Initially, I felt put off by this book's "self-help" label because it seems most books in that genre simply repackage stuff your mom told you for free. What changed my mind were reviews on Goodreads and audible.com where readers tend to be a tough crowd and a book generally has to be very, very good to rate a 4 or 5-star rating. So, I figured why not, and picked up the audio version. As I began listening, I found the author (who also narrates the story) to be funny in a self-deprecating way and disarmingly honest -- I also realized this isn't really a self-help book.
The author describes what contributed to his on-air panic attack on "Good Morning America" and the details of his subsequent journey of self-discovery. He describes interviewing self-help authors like Eckhart Tolle, Deepak Chopra and others... and rather than revering them as gurus, is skeptical about the uniqueness of their insights and approach. He decides the "voice in my head is an a--hole" and seeks actionable ways to cultivate a more effective coping mechanism. He ultimately tries meditation and finds it to be a useful way to cope with stress and cultivate compassion. This book has something for everyone:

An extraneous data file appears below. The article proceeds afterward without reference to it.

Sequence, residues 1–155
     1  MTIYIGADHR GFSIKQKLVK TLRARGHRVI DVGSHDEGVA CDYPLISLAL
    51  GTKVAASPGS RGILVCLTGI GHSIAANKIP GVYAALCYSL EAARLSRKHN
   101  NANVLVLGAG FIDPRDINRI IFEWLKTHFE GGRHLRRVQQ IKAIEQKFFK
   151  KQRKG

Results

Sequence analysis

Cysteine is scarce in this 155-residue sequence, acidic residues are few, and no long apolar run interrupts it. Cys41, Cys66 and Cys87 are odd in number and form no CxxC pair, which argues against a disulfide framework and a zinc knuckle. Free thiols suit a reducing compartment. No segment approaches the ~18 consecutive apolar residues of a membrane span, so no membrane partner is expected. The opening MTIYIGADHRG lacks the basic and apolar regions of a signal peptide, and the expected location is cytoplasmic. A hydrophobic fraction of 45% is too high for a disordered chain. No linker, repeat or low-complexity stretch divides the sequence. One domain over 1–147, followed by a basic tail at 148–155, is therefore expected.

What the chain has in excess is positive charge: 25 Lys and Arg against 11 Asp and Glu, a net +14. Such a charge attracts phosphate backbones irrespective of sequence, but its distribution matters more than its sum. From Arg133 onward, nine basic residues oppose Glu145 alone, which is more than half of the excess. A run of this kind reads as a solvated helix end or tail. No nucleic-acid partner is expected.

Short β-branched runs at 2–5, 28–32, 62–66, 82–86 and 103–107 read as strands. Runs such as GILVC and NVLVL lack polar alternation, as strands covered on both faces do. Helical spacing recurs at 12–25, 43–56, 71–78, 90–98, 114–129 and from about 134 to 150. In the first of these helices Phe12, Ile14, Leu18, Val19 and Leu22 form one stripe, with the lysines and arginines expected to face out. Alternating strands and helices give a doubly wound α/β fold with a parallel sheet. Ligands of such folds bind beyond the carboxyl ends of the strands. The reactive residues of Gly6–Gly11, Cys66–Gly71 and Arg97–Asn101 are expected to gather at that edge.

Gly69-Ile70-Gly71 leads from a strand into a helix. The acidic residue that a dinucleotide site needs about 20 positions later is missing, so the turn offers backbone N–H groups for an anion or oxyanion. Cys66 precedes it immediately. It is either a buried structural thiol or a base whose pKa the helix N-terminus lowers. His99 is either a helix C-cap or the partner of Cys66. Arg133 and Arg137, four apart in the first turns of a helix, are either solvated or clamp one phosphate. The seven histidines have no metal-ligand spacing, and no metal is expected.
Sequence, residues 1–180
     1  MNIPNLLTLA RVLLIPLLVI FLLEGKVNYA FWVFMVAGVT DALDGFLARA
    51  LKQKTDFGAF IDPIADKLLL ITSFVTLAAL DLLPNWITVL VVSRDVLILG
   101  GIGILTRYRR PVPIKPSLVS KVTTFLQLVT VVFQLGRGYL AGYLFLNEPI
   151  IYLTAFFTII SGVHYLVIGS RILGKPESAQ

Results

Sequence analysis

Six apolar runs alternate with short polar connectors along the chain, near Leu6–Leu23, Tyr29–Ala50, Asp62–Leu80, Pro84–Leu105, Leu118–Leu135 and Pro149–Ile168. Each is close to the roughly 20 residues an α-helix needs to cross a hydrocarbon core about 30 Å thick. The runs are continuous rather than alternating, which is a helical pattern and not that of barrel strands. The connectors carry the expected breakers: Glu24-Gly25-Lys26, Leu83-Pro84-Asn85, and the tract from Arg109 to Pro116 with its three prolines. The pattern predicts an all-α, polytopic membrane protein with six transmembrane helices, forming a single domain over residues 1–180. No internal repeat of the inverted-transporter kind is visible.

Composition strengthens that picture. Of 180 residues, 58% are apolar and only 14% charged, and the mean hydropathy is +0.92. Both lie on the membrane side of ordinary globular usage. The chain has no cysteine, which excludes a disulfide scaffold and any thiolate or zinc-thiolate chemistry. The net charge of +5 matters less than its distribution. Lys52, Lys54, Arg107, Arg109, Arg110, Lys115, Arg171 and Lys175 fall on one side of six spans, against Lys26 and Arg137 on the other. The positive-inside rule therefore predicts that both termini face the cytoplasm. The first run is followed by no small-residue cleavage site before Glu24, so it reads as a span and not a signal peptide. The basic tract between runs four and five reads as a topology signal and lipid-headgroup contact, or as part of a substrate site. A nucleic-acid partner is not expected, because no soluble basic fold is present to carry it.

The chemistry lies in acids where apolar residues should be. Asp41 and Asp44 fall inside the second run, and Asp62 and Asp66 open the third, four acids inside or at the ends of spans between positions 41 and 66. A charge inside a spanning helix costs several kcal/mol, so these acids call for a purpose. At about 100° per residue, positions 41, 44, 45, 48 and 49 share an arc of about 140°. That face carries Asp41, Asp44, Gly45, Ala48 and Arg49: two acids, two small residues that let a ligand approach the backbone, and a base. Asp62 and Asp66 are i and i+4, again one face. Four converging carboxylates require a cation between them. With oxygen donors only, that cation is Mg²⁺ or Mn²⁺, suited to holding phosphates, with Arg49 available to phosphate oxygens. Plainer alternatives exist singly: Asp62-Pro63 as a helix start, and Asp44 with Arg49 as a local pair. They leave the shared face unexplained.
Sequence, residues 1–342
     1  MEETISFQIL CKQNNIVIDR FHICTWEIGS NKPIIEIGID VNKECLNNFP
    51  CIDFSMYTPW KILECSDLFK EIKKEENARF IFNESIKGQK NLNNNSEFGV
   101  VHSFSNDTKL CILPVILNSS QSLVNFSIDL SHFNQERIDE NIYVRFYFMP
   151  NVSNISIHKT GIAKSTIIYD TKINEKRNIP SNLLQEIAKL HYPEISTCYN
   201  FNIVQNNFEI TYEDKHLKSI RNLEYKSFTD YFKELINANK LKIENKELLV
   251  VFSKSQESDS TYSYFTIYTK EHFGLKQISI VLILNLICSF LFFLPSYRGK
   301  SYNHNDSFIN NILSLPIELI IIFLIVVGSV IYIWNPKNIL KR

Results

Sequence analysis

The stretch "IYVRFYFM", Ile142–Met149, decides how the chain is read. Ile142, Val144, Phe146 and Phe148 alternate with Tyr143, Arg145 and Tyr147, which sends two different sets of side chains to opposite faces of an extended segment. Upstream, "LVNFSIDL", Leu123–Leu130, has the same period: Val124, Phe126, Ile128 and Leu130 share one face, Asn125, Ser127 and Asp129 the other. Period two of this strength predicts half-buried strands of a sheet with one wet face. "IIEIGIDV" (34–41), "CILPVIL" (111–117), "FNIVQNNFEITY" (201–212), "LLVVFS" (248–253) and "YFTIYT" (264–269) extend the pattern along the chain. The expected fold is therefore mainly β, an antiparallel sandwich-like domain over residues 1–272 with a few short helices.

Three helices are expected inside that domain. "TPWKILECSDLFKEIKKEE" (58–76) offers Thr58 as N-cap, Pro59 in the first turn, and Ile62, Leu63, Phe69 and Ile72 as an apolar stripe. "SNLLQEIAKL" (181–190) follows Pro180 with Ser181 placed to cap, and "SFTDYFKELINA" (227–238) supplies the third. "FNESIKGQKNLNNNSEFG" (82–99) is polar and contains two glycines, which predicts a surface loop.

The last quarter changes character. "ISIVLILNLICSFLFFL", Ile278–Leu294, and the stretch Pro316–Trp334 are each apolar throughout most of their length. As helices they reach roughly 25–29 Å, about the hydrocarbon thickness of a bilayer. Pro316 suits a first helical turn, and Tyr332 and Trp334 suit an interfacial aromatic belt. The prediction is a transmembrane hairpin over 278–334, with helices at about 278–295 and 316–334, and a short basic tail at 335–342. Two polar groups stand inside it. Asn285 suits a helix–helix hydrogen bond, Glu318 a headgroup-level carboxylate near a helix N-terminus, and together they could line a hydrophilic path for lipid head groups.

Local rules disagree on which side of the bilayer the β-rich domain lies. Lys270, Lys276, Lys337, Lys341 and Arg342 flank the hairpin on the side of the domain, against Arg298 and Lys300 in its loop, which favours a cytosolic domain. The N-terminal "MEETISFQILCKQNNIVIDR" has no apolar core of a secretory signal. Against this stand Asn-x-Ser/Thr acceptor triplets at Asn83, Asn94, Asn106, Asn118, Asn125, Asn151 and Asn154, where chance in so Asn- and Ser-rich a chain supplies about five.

- For folks who meditate, this story is a nice reminder of the benefits of meditation.
- For those not into meditation, it feels like listening an old friend tell his story of moving beyond a life altering event by "upping his game and becoming a leading man."
This is one of those books that would be good read on a Kindle or paperback, but is an absolutely great audiobook. Highly recommended.
"Making Habits, Breaking Habits" describes what it takes to form new habits and how to optimize success along the way. The book takes on the 21 day "rule of thumb" that is so often referred to (hint: while it varies based on the habit type, the 21-day parameter generally isn't correct). What I found especially useful is how Dr. Dean describes actionable ways one can increase the likelihood of successful habit forming, by habit type. He also reinforces the concept that multiple small changes can add up to big benefits. This book is a worthwhile listen for anyone trying to develop or reinforce habits, whether it's stopping smoking, eating healthier, exercising more routinely, etc.
Canadian Chris Hadfield's "An Astronaut's Guide to Life on Earth" is a fun, fascinating listen. Author/narrator Hadfield describes his lifelong dream to become an astronaut (tip: lots of study and hard work required), how he maintained his fitness for consideration as an astronaut (tip: if abdominal surgery is required, request the laparoscopic approach), and despite the title, life in space. He describes the demands an astronaut's family faces and his experience working as part of an international crew on board the International Space Station, led by a Russian commander. As I listened, Colonel Hadfield's book quickly became a favorite audiobook: Hadfield has an earnest, engaging narrative style and his stories about life on earth and in space are very compelling. Highly recommended.